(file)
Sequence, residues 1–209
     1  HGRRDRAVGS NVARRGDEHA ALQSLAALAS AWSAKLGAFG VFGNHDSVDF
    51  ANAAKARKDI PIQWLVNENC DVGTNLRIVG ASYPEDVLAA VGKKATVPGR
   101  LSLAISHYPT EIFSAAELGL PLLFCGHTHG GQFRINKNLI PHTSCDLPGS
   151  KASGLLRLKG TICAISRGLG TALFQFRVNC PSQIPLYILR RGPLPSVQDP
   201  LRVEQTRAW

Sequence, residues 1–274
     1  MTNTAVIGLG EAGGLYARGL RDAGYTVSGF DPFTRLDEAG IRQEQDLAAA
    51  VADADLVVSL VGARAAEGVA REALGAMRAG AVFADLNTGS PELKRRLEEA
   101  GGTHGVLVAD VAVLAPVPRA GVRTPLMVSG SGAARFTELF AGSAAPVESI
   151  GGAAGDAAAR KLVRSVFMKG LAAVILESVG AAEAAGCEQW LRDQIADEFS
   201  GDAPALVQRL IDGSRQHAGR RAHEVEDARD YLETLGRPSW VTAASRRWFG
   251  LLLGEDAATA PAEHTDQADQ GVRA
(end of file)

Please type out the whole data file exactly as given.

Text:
Sequence, residues 1–209
     1  HGRRDRAVGS NVARRGDEHA ALQSLAALAS AWSAKLGAFG VFGNHDSVDF
    51  ANAAKARKDI PIQWLVNENC DVGTNLRIVG ASYPEDVLAA VGKKATVPGR
   101  LSLAISHYPT EIFSAAELGL PLLFCGHTHG GQFRINKNLI PHTSCDLPGS
   151  KASGLLRLKG TICAISRGLG TALFQFRVNC PSQIPLYILR RGPLPSVQDP
   201  LRVEQTRAW

Sequence, residues 1–274
     1  MTNTAVIGLG EAGGLYARGL RDAGYTVSGF DPFTRLDEAG IRQEQDLAAA
    51  VADADLVVSL VGARAAEGVA REALGAMRAG AVFADLNTGS PELKRRLEEA
   101  GGTHGVLVAD VAVLAPVPRA GVRTPLMVSG SGAARFTELF AGSAAPVESI
   151  GGAAGDAAAR KLVRSVFMKG LAAVILESVG AAEAAGCEQW LRDQIADEFS
   201  GDAPALVQRL IDGSRQHAGR RAHEVEDARD YLETLGRPSW VTAASRRWFG
   251  LLLGEDAATA PAEHTDQADQ GVRA